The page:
Ten Jinn: Wildman (CD, 40:17); Emerald City Records , 1997 Wildman Records c/o John Paul Strauss P.O. Box 56822 Sherman Oaks, CA 91403 E-mail: firstname.lastname@example.org Ph: (818) 988-8280 Fax: (818) 988-8170 Cyberhome: www.loop.com/~tenjinn Ignoring the enclosed press kit which lists a variety of notable proggish musical influences and the mention of “progressive/art rock” as the genre -- I carry on listening through each track unbiased by blurb. Most obvious to me is that Saga/(Wildest Dreams) era sound in John Strauss’ vocals/lyrics especially and overall song structures. As is in Saga’s releases, Ten Jinn’s musicianship is topnotch with ample expressive and effective guitar textures and fills. Keys are strong and carry a nearly equal weight as guitars -- if not more so. Bass and drums are tight and theatrically melodic. There are enough hooks sprinkled in each song. “Rainbow’s Moon”, a definite radio-ready cut has a neoprog, pop rock feel. On “The Vampire Lestat”, “Forever Young”, and “Full Moon” we get to hear Strauss’ signature deep-timbre vox, darkwave-gothy, passionate, and dramatic side come through. It sounds like Ten Jinn, (in Saga-esque mode), collaborated with the Alan Parsons Project to cover Ricean vampirology, mirroring APP’s Edgar Allan Poe’s works. Recall the excellent Tales of Mystery and Imagination. This is where Ten Jinn should head in future releases. I really got lost listening until I realized liner notes didn’t match actual disc track order with “Ritual Fire”, actually coming after “Full Moon”. In spite of this confusion I think the actual disc order works much better than if it had matched the liner notes. “Ritual Fire” was an upbeatly omnious track that brought echoes of Dave Adams et al on the marvelous Glass Moon releases of decades ago. “Endings” is a jazzy, vibes thing with a that slightly unpleasant touch of mainstream 80's dance floor Wang-Chung/Duran Duran/Flock of Seagulls type of groove-out. “I know” again outros with more of that mainstream rock, nite-club, straight up/no flash/no tricks Saga feel but not impressive overall unless perhaps -- you were that lonely femme fatale sitting front row as Strauss serenaded you in subdued stage lighting. Overall, this release shows good songwriting, theatrically strong vocals, solid and professional musicianship and all that but . . . this is too neo-pop-prog for my more eclectic prog and jazz fusion tastes. This is prog rock for the ladies deciding to do a genre crossover -- oh most definitely so. ~ John W. Patterson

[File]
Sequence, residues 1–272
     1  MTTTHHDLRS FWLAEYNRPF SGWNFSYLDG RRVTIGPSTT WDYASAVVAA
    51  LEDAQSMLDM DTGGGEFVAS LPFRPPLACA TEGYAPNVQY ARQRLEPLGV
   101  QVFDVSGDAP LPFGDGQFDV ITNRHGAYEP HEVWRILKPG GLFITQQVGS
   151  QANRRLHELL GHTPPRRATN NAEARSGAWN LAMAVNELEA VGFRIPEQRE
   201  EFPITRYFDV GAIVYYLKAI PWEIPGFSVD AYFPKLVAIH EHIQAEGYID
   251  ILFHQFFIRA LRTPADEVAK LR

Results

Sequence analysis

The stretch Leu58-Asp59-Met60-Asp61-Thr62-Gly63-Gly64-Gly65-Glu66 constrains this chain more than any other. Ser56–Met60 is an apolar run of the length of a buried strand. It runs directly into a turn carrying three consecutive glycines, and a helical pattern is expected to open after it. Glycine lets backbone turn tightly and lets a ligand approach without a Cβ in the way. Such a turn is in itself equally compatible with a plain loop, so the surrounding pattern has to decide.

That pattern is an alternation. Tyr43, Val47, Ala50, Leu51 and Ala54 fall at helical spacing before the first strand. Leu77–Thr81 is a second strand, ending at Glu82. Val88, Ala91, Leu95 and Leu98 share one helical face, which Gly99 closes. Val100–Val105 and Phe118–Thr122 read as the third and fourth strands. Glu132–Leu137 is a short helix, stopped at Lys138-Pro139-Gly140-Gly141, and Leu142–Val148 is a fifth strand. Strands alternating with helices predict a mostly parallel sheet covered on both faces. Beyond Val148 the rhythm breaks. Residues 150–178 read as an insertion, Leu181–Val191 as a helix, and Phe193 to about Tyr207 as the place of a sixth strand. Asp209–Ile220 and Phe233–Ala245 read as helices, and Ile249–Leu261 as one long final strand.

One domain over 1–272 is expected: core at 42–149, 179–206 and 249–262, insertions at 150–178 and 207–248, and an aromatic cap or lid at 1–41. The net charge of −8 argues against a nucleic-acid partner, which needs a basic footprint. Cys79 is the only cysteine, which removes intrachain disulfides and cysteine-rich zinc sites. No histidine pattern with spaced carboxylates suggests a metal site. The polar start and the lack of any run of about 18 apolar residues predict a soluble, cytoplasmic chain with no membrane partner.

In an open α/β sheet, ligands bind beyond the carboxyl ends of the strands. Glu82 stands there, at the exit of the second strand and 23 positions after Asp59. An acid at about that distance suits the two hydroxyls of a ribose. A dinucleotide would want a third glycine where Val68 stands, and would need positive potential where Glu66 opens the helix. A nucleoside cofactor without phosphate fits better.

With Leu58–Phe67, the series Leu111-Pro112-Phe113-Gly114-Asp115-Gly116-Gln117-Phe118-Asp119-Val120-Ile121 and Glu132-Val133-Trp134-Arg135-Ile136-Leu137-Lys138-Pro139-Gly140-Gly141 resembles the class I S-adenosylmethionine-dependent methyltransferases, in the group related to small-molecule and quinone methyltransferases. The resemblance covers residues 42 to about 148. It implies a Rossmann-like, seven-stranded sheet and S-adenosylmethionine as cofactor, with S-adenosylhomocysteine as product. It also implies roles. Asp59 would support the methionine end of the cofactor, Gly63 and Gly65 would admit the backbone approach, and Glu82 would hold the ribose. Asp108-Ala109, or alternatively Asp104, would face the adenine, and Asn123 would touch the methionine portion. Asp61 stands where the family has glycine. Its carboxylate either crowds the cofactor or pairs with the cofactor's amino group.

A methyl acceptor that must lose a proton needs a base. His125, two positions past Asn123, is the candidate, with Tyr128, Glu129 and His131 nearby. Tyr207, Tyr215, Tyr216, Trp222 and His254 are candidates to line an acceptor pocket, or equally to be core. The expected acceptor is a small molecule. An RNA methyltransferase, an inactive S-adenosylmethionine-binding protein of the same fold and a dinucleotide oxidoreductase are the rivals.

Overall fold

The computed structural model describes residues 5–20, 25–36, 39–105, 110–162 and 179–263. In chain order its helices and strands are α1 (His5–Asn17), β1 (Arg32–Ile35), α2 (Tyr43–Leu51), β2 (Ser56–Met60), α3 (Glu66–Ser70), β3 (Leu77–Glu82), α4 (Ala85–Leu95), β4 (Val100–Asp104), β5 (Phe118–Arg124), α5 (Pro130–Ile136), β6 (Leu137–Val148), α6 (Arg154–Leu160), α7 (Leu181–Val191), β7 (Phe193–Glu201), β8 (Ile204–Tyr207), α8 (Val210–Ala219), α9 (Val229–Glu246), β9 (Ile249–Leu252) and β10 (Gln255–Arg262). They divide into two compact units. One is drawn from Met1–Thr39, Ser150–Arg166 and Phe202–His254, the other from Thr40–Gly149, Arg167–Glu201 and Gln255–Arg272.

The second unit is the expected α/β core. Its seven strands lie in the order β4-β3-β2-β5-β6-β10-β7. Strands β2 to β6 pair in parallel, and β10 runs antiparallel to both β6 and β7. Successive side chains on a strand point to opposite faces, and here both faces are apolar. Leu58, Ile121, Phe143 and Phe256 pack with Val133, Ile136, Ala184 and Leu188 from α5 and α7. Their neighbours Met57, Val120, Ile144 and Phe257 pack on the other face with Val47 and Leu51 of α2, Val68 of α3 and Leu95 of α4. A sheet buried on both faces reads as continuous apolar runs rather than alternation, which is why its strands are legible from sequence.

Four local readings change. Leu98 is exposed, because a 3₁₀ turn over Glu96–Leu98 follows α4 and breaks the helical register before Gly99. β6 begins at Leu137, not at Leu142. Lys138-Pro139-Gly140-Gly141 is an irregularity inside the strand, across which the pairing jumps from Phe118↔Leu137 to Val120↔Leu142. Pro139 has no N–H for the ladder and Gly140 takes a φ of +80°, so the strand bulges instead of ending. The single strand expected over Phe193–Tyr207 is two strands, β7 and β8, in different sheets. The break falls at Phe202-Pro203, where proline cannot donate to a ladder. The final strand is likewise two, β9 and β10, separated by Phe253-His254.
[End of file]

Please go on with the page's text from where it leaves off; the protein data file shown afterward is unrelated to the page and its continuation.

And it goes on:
Ten JinnAs On A Darkling Plain (CD, 72:09); Wildman Records WMR-002, 1999 Wildman Records c/o John Paul Strauss P.O. Box 56822 Sherman Oaks, CA 91403 E-mail: email@example.com Ph: (818) 988-8280 Fax: (818) 988-8170 Cyberhome: www.loop.com/~tenjinn Well, after Ten Jinn’s Wildman release, I suggested Strauss had a pretty cool gig goin’ with this dark theatre of Ricean-inspired, rock vampirology he played with a bit. Now it has blossomed full and afresh into an epic 40:05 rock opera of eight movements. I am sure this makes for quite a stage show if done right, (to date I can but imagine such). As stated in my earlier reviews, Ten Jinn brings to mind the best of Saga and Glass Moon wrapped together. This time out, I hear less pop-sappy and hook-laden, mainstream-inflected rock. Finally the progressive tips the scale. Surprisingly so, three of the eight “As On A Darkling Plain” movements are all instrumental. This is a gracious proggish improvement on Strauss’ part, seeing that he must therefore refrain from sharing his fine voice. Just listen and you can hear Strauss’s transparent love for pathos-rich vocals. Passion and lush expression are loaded in all Ten Jinn’s lyrics. Ten Jinn holds yet another surprise -- “Happy the Stan” Whitaker, guests on guitars. So with some of that legendary Happy The Man axework present you will notice the guitar presence moving up several notable notches. Best cut, for my in-your-face, prog rockin’ taste, of the vampiric epic’s blood-letting was -- voodoo drum roll please -- “Run Away”, a clear hands down finale/outro/climactic killer track. The excitement was infectious with Strauss’ gut-wrenching vocals. Keys were a driving/whirling maelstrom cool, bass akickin’, drums mean, and monster guitars slayed me. Strauss solar-plexus-wailed beastly like Glenn Danzig did on How the Gods Kill. Great track dudes! The last 32 bonus “rock-out-and-croon-a-lot” minutes on this CD give us “Lost In The Money”, a Saga/Glass Moon-like rocker with a strong southern-fried rock “Sweet Home Alabama” undercurrent holding things together. “Blind Authority” is another peppy rocker with tight grooves and Whitaker, (methinks), tearing it up deftly on guitar solos. “Rock” slows things up in an undulating, drifting, cosmic carousel of Happy The Man meets Rush prog rock with vocals. Guitar solos are straightup pentatonic rock with little fusion nor eclectic modalities, (which I wish were used more). ATTENTION: Please insert the very decent track, “Tomorrow”, (song six), right here as the “big finish”, CD outro. NOTE: This is where the CD should have stopped, in my amateur wannabe-a-CD producer opinion. Weakest, (should have been left off the disc), track for me was the 5:10 “I Can’t See”. This is irritatingly tongue-in-cheek, circus-like, goofball pop. It was plagued with dorky/dippy/dweeb vocal excesses and too much crybaby lyrics. Why do progressive, supposed- to-be “art” rock bands choose to offer us such drivel/filler when they exhibit clear talent elsewhere? Final track, “Lay Down Beside Me (In The Rain)”. This is but more more of that Saga/Glass Moon-ish angst-drenched vox and please-love-me-baby jive with quasi-arena-slick- rock delivery, and its inherent, not-so interesting compositional matrix. Sorry ‘bout that guys. Compared to Ten Jinn’s earlier Wildman release, AOADP is clearly superior. Strauss’ vampire-inspired songs really work. The remainder of the disc is professionally decent rock but holds two lackluster “filler” tracks. If you like Saga or Glass Moon, Ten Jinn will please. Alas, I heard very little on this disc that allowed Stan Whitaker’s monumental prog rock guitar legacy to breathe. He handles Ten Jinn, theatre-prog rock with ease but we know he is capable of so very much more. Strauss’ vox is superb as usual on tracks he really cares about. I am curious to see where Ten Jinn heads with their future releases. I hear an enormous amount of potential that needs a bit more focus and a bigger step towards more art and less rock. ~ John W. Patterson